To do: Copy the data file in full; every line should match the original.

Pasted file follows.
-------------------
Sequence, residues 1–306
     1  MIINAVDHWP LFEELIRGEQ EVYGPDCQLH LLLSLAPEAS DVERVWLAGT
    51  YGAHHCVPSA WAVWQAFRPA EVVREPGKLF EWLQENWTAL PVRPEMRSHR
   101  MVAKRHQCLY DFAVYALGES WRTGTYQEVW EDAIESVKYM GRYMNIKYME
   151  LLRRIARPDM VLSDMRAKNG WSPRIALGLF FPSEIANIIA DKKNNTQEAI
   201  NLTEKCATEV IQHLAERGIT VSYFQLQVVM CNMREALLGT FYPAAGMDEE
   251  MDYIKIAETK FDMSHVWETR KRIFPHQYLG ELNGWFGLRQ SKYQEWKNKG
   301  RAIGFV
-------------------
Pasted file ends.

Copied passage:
Sequence, residues 1–306
     1  MIINAVDHWP LFEELIRGEQ EVYGPDCQLH LLLSLAPEAS DVERVWLAGT
    51  YGAHHCVPSA WAVWQAFRPA EVVREPGKLF EWLQENWTAL PVRPEMRSHR
   101  MVAKRHQCLY DFAVYALGES WRTGTYQEVW EDAIESVKYM GRYMNIKYME
   151  LLRRIARPDM VLSDMRAKNG WSPRIALGLF FPSEIANIIA DKKNNTQEAI
   201  NLTEKCATEV IQHLAERGIT VSYFQLQVVM CNMREALLGT FYPAAGMDEE
   251  MDYIKIAETK FDMSHVWETR KRIFPHQYLG ELNGWFGLRQ SKYQEWKNKG
   301  RAIGFV